Saving – History of a German Virtue


History of a German Virtue

23 March extended until 4 November 2018

An exhibition by the Deutsches Historisches Museum in cooperation with Berliner Sparkasse

Saving goes without saying in Germany. Private households and public organizations, as well as companies, save on a large scale in Germany. Even in times of historically low interest rates, the majority of people in the country hasn’t questioned the point of saving in the private household, nor the doctrine of saving in German financial and foreign policy.

Observers outside of Germany, however, have in recent years increasingly taken a critical view on the German propensity to save. They have questioned not only the role of Germany in enforcing austerity in the Eurozone, but also saving within Germany itself. The restrained expenditure of private and public budgets, as well as of companies, contributes considerably to the current-account surplus in the country, which is held to be a potential danger for the world economy and thereby also, by extension, for the German economy.

The exhibition "Saving – History of a German Virtue" at the Deutsches Historisches Museum considers and discusses the saving-oriented behaviour passed down in Germany in the context of growing international criticism. It embarks on a search for the specific character of the German propensity to save, from its origins until today. Its precursors are taken into consideration, as are concrete historical manifestations of saving since the Late Enlightenment. The exhibition will illuminate the development of saving into an instrument of state funding as well as state welfare and social policies. Another focal point is the complementary relationship between pro-saving propaganda and advertising and anti-Semitism. Spanning across various epochs, the exhibition traces the role of education on saving in the genesis of the German propensity – or urge – to save, as well as the relationship between saving and social and economic crises.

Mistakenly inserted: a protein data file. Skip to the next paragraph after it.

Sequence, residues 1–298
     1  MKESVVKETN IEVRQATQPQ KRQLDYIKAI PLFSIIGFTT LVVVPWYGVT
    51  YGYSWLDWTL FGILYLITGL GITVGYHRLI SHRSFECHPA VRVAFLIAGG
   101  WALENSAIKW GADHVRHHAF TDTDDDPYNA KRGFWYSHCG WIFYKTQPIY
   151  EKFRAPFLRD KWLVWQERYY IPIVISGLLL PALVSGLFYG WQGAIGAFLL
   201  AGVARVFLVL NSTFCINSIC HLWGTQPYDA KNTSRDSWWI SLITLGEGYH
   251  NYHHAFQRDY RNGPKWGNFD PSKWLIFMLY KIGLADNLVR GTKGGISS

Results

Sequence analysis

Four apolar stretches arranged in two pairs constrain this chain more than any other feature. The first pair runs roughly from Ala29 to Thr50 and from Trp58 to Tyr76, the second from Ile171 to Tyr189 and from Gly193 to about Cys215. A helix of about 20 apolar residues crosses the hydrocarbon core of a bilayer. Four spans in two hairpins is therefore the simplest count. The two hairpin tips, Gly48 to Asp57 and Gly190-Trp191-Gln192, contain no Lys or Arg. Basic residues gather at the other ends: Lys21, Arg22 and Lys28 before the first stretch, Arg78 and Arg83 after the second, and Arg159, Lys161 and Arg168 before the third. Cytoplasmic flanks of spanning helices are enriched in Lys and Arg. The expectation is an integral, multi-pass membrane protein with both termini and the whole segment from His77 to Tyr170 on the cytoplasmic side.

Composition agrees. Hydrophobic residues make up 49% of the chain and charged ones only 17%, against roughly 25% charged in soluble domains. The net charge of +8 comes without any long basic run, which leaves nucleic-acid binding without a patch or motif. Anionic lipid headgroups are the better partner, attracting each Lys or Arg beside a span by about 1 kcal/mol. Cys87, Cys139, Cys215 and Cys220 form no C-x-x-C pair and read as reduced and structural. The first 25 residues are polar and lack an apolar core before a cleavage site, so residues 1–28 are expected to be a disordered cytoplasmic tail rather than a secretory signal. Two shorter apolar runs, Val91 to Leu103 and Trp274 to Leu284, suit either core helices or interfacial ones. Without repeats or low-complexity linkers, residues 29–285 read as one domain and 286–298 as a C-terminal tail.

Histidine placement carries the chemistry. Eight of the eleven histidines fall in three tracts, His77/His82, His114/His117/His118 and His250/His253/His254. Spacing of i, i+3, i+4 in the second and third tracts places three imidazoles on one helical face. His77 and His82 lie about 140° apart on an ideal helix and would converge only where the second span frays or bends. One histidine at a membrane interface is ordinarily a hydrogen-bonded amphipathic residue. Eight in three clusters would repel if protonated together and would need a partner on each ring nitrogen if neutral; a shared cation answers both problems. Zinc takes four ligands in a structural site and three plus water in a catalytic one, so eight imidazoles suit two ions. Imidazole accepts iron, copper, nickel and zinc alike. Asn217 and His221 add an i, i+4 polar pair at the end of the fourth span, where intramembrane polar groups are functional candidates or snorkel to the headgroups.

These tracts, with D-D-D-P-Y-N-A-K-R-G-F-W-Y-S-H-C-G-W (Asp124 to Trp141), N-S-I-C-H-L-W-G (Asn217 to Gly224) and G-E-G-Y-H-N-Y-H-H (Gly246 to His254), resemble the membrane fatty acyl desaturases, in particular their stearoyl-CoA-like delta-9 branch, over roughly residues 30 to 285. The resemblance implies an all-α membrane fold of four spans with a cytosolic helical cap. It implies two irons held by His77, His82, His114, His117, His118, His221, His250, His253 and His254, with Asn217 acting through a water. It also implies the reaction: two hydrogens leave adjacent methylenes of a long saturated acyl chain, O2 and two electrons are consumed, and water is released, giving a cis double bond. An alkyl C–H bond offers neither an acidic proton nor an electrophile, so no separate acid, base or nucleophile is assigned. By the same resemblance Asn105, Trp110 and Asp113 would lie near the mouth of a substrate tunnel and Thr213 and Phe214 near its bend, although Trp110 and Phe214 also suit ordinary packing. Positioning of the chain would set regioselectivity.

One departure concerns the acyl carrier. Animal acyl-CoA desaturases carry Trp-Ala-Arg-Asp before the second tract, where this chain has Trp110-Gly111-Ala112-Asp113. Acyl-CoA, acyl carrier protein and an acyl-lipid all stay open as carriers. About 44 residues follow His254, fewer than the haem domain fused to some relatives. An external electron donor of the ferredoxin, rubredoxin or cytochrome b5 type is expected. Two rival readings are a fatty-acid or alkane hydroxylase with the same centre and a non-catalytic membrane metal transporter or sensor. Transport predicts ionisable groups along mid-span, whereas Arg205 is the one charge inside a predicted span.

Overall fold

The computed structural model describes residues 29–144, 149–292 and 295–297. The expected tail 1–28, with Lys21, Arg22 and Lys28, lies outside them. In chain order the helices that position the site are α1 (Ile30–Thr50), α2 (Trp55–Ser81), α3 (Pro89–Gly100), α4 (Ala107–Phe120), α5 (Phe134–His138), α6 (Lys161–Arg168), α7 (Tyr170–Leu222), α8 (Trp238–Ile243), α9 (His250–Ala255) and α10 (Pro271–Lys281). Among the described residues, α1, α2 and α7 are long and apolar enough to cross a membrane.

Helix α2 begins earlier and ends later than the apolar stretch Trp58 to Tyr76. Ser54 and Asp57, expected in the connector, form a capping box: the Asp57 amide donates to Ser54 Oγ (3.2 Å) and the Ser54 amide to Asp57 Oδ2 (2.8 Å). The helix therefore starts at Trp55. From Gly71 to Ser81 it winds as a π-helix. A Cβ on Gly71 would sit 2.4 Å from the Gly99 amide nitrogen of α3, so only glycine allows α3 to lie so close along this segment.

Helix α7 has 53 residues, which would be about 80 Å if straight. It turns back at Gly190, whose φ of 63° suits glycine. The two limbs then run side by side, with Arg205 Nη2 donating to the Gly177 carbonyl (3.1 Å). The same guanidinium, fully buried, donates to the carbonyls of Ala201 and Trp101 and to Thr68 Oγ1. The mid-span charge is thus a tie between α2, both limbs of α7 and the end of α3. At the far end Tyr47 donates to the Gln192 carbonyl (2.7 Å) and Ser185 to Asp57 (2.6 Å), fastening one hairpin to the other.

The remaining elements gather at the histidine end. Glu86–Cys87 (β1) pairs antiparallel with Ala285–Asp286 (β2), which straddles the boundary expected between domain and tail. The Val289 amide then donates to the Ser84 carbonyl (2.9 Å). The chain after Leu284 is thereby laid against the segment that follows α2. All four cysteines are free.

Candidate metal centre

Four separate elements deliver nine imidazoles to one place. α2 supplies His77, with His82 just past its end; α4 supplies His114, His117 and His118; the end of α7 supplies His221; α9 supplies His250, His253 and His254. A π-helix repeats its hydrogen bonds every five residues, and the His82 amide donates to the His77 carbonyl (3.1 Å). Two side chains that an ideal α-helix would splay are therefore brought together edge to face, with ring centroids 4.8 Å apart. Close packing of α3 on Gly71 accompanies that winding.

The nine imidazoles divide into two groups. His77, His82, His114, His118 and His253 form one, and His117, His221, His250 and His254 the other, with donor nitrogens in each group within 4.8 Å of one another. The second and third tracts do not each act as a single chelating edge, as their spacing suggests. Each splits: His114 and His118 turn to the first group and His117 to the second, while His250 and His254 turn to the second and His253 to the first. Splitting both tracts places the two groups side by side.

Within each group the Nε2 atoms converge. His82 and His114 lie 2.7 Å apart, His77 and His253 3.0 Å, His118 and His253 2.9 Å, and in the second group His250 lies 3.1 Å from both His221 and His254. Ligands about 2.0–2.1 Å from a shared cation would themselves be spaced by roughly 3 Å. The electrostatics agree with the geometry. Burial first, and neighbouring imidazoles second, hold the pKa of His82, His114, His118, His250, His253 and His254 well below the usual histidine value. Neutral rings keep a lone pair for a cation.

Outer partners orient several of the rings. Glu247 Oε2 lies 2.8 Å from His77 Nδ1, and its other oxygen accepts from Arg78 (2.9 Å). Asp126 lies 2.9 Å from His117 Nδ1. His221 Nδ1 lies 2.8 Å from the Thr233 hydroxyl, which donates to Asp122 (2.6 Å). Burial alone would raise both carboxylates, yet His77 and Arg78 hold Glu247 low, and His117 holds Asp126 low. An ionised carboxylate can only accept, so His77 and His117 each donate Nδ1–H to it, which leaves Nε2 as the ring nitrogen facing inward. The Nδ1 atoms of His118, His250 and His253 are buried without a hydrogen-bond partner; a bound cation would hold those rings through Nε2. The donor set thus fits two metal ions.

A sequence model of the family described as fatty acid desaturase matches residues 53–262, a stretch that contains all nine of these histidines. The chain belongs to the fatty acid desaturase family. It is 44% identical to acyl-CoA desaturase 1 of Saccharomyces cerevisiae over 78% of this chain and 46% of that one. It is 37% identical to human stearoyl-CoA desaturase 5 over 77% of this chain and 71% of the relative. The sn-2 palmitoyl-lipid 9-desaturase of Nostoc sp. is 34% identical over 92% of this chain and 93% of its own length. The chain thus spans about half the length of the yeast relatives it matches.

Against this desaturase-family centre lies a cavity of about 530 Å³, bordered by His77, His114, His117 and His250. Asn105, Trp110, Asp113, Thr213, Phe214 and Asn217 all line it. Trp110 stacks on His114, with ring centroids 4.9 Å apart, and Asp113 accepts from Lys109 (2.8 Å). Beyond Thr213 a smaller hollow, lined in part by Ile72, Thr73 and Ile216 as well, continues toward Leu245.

Flyer to the exhibition
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View into the exhibition

Audio guide

in German and English
€ 3 plus admission

Opening hours

daily 10 am to 6 pm


Free up to 18 years
€ 8, reduced € 4
More information

Tour booking

Permanent exhibition
Tel.  +49 30 20304-751

Special exhibitions
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Museum shop


In the museum

Buchhandlung Walther König
Tel. +49 30 206 24 5 24


All entrances are wheelchair accessible

Public transport

Hackescher Markt, Friedrichstraße

Französische Straße, Friedrichstraße, Hausvogteiplatz

100, 200, TXL Staatoper or Lustgarten

Underground car park below Bebelplatz
City Quartier Dom Aquarée


Deutsches Historisches Museum

Unter den Linden 2
10117 Berlin

Tel. +49 30 20304-0